It's good to take two minutes to reflect on those unsung heroes who have quietly changed the world.

Full disclosure: this video was produced by my brother, who does damn good work!   If you have a need for damn good video production, he can be found at This email address is being protected from spambots. You need JavaScript enabled to view it.


While accountants and preparers are still studying the massive changes to tax law in the Tax Cuts and Jobs Act (12/22/17), Congress slipped in another batch of changes, only this time the effects are retroactive to 1/1/17, and in most cases expire after 12/31/17.  No matter that these changes affect 2017 tax returns that we have already filed, and many more that we will file before the IRS decides how to implement these changes, and tax software providers can modify their software. Who wouldn't want to spend all summer amending returns because Congress can't amend 2017 tax law during 2017?

The new tax law contains a remarkable new deduction for individuals who earn "pass-thru" business  income.(Yup, the law actually spells it "pass-thru".)  Basically, if you are reporting business  income from K-1, a Schedule C, or a Schedule F, you get a deduction for 20% of your net business income, subject to some limitations.

The NY Times and the LA Times described this a the "Gig" deduction, and the biggest loophole for the next decade. They worry that salaried employees will forgo their paycheck, benefits, and job security (whatever that is), and become independent contractors to qualify for the 20% deduction.

They're both wrong.

Mortgage Interest Round Two

Q.  The new tax law eliminates the deduction of interest for home equity loans, but  I can’t seem to get an answer on whether the interest on our “Home Equity First Mortgage” from our federal credit union will be deductible. We refinanced our existing FHA first mortgage last month based on the equity in our home, and the mortgage docs shows it as a conventional fixed rate loan for 10 years.  I’d hate to have to do a whole new refinance if we don’t need to for the mortgage deduction…

A.  Chances are pretty good that your refinance is deductible, but that depends on how the proceeds of the loans were used.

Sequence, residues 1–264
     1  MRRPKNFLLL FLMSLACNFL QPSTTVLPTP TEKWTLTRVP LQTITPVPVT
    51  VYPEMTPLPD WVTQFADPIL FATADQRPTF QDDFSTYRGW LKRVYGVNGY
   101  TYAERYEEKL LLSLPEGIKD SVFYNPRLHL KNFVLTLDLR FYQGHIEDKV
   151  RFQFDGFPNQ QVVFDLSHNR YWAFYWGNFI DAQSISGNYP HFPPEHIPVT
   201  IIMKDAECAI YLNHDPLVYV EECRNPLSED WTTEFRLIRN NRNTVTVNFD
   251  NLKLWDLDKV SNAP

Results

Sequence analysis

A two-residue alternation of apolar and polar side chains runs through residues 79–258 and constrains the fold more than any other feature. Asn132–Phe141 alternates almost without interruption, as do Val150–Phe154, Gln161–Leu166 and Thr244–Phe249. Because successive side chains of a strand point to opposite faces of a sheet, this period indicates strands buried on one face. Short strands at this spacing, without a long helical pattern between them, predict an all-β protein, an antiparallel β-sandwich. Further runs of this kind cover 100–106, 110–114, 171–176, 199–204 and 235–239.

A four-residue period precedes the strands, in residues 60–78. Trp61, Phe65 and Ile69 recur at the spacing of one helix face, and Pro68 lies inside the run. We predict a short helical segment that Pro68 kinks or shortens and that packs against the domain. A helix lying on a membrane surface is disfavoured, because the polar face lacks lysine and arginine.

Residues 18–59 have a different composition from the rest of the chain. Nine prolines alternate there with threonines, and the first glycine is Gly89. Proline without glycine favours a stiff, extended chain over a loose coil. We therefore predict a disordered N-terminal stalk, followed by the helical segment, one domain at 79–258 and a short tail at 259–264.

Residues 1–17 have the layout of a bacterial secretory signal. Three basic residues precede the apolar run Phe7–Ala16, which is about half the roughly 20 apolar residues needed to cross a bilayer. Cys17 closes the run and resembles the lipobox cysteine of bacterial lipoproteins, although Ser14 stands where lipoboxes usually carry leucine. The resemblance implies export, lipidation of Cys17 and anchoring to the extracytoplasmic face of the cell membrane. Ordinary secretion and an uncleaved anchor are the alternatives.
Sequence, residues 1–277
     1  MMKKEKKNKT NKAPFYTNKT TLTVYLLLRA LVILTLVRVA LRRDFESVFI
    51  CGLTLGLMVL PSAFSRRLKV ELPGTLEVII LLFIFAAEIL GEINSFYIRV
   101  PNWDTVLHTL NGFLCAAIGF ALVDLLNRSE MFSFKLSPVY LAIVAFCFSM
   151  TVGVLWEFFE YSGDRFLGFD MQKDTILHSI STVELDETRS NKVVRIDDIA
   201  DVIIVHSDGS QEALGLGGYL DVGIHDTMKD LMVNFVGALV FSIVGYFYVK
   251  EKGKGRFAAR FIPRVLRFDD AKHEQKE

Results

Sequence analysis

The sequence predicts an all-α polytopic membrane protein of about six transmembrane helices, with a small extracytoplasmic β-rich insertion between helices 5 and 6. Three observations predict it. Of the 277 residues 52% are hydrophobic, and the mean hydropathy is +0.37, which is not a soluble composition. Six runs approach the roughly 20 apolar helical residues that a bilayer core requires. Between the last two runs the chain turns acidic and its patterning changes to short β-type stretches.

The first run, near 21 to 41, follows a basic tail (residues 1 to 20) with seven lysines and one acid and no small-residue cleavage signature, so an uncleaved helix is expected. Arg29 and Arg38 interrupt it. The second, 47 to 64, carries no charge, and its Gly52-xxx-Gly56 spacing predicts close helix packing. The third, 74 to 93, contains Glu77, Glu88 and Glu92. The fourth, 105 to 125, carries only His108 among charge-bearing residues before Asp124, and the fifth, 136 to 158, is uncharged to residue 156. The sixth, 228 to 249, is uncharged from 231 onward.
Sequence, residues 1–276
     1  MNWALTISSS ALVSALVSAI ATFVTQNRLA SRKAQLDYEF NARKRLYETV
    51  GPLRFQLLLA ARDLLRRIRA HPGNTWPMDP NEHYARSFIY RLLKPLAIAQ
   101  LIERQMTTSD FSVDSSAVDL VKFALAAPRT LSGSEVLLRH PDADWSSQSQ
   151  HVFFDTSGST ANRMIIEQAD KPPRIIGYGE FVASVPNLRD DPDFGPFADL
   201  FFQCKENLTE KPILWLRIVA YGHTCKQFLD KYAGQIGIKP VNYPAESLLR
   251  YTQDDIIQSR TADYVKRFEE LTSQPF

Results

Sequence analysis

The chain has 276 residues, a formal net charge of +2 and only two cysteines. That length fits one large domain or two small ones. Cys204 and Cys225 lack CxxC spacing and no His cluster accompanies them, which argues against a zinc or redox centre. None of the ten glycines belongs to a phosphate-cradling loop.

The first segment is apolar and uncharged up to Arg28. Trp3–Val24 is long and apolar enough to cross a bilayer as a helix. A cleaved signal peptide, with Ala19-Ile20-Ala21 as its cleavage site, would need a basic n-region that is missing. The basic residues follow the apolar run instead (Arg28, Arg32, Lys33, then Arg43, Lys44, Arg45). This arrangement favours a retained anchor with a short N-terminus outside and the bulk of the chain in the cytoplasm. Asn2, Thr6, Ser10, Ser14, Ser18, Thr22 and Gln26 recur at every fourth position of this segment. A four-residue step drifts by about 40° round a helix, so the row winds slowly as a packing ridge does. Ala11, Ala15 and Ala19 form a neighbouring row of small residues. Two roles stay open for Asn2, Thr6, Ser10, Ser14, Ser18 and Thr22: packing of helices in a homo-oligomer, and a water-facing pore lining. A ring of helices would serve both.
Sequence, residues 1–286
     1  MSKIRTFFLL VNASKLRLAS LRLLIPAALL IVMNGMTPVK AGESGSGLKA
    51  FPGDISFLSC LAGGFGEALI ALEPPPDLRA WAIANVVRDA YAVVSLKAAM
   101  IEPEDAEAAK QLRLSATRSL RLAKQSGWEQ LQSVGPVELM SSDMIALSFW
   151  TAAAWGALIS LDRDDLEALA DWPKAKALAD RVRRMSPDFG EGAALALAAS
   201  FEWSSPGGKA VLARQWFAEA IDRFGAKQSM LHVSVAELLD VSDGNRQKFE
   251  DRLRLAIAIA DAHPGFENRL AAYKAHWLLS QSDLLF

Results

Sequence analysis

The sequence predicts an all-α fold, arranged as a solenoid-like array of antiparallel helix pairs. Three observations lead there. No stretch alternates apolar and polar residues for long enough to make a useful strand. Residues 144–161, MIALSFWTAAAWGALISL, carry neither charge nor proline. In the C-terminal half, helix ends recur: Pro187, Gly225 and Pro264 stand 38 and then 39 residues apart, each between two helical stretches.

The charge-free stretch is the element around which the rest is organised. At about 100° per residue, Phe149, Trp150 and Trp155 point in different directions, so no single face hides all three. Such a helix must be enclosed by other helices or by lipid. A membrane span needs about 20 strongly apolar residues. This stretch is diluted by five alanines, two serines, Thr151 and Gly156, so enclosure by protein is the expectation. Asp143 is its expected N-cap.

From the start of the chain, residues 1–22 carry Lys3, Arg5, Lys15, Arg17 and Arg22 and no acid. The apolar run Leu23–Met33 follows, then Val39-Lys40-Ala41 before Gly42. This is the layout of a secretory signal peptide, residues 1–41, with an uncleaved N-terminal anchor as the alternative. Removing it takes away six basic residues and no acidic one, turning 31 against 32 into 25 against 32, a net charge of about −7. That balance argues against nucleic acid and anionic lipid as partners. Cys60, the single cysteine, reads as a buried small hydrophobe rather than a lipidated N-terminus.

I will assume all of the proceeds from the original FHA loan were used to acquire the  residence. 

When refinancing, proceeds can be used for various purposes, such as:

1) pay off the old loan,

2) to make improvements to the residence, and

3) other purposes, like college or wedding costs.

Of these, proceeds used for 1 .and 2. qualify as acquisition debt, so interest on this portion of the refinance would still be deductible.

Proceeds used for other purposes (3.)  is not acquisition debt;  the related interest would be deductible as home equity interest under 2017 law, but is not deductible under 2018 law.


Under 2017 law, alimony and separate maintenance payments were deductible by the payor spouse and includible in income by the recipient spouse.

Child support payments were not treated as alimony.  

Under the new law, alimony and maintenance payments are not deductible by the payor, and are not considered taxable income to the recipient. This will likely result in alimony being taxed to the spouse with the higher tax rate.

Wait, don't panic! This provision applies to divorce/separation agreements executed after December 31, 2018. If you untied the knot before that date, you can stay under the old rule, or, if you like the new law better, you can modify your prior agreement.

 What's to complain about?

They doubled the child tax credit for "the little guy", and made it easier for rich guys to qualify too.

If you have children under the age of 17, you are probably familiar with the child tax credit. For the most part, the new law improves and expands the credit, and dramatically raises the AGI limits at which the credit begins to phase-out. Below is a brief summary of the old law, and analysis of how the child credit changes under the new law.

The short answer to your question: most people will not see a change in their mortgage interest deduction.  Your deduction for interest on home equity loans, however, is toast*.

The new tax law makes some changes to the deductability of home mortgage interest, but the changes apply within the framework of prior law. And, the prior law is automatically reinstated 1/1/26.  So, to understand the changes, we need to review prior law.

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